Thematic ESG ETFs focus on specific sustainability themes; for example clean energy, sustainable food or gender equality. The rise of active ETFs has opened the ETF world to thematic investing and is particularly key when it comes to sustainability.

Active managers can research companies and issuers and have the flexibility choose whether to expose their portfolio to the potential risks or opportunities they identify. This allows portfolio managers to act on conviction with the aim of providing both positive, measurable impact on the environment and financial returns.

Thematic ESG ETFs offer investors the chance to focus on the topics of climate and biodiversity and can be used either as building blocks for a core portfolio or as a satellite allocation to access environmental themes.

Decarbonisation benchmarks

As ETFs have historically been used predominately for passive equity, there was limited scope for ESG integration. Investors seeking to incorporate environmental issues into their portfolios usually focused on active mutual funds due to the inability of index strategies to select individual securities based on sustainability criteria.

That said, index approaches to environmental issues have existed for some time but improvements in data quality, combined with the integration of comprehensive climate index labels by regulators, mean ETF investors are now able to use index investing to reflect carbon-related goals in their portfolios more effectively.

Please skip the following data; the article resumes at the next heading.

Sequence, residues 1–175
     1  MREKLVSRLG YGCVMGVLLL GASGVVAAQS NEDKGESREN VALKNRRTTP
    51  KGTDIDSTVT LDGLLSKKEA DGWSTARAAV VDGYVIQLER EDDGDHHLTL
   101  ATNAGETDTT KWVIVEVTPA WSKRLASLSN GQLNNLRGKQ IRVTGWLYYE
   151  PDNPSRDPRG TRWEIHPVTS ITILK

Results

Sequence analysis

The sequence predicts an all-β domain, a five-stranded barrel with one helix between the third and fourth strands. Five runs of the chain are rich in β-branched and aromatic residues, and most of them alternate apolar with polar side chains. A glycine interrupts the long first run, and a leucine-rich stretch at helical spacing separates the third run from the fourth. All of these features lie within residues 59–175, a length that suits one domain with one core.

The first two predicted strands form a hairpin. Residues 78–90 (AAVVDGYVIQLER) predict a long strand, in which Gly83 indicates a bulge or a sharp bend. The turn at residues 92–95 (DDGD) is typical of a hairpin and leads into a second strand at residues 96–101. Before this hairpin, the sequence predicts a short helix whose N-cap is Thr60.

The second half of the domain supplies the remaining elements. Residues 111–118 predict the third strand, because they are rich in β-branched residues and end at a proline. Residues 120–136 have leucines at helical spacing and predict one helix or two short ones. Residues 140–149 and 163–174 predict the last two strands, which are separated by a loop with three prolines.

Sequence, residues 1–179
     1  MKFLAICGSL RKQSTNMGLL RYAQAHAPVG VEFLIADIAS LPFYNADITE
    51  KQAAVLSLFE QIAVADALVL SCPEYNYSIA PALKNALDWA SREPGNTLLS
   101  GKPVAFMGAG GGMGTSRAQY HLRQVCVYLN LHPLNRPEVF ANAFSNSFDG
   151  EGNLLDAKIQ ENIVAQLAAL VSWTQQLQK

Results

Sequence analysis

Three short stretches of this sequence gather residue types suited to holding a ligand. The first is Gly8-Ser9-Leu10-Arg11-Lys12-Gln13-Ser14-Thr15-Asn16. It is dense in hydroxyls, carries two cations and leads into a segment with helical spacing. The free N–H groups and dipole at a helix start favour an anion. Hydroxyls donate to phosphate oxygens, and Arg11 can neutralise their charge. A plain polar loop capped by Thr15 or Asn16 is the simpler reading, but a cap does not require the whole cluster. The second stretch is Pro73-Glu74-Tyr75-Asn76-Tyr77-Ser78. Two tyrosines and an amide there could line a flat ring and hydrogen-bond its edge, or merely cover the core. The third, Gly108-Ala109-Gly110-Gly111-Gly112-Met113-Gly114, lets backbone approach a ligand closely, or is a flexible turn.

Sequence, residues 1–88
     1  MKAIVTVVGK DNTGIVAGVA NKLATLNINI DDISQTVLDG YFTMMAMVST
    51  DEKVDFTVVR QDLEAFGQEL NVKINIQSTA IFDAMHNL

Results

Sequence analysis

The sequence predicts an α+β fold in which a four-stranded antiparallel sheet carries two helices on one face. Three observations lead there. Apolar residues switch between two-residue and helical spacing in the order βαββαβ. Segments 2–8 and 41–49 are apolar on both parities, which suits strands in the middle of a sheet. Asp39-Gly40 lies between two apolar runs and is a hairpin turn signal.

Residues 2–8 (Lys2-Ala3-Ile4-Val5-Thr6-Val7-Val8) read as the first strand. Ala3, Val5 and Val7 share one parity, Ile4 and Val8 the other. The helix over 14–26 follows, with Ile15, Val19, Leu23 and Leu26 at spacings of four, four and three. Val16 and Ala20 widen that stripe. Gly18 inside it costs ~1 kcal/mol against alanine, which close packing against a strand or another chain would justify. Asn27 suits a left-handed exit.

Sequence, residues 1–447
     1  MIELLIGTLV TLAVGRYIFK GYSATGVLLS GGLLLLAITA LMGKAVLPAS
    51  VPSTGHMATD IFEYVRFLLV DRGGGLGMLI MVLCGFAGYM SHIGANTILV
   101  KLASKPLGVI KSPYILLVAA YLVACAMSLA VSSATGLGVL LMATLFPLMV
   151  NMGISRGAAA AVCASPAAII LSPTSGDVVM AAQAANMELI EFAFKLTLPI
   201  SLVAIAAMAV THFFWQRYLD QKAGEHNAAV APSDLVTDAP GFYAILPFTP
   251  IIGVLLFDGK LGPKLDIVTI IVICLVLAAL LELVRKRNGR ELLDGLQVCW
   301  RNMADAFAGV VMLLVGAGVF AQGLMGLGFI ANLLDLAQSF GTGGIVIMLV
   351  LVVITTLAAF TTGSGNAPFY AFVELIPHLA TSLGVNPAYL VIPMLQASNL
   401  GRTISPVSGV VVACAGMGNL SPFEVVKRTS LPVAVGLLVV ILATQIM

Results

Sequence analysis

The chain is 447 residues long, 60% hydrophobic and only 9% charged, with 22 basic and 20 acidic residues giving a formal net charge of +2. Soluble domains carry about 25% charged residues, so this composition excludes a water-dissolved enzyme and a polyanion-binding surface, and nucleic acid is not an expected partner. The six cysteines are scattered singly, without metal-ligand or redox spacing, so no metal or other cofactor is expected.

Decarbonisation indices – such as Paris-Aligned Benchmarks (‘PABs’) - are designed for investors looking to decarbonise their portfolios while achieving a return on their investment, through either active or passive approaches. The role of a decarbonisation index is to closely track its parent index while sifting out issuers that don’t meet the emission requirements. Therefore, a decarbonisation index will have less issues than its parent index, although it still maintains sufficient diversity and liquidity.

Historically, funds looking to reflect decarbonisation in their portfolios would use a standard benchmark and then exclude certain sectors. This led to higher tracking errors because the exclusions meant a more concentrated portfolio. Being able to use a benchmark specifically designed to reflect companies that are contributing towards decarbonisation should mean a fund’s tracking error is much lower.

Plenty of options for ETF investors

The ETF landscape is growing fast and while it has mainly been a passive equity story so far, we are seeing increased demand for products such as active, thematic, and fixed income ETFs. Innovative ESG solutions combining the aspects of sustainability and performance are increasingly in demand.   

It is not a binary active or passive discussion though. Depending on required exposure, there could be a role for an actively managed approach, something completely passive, something in the middle that has a tilt to active but limits the tracking error, or a combination. What’s encouraging is the choice now available to ETF investors seeking more sustainable solutions.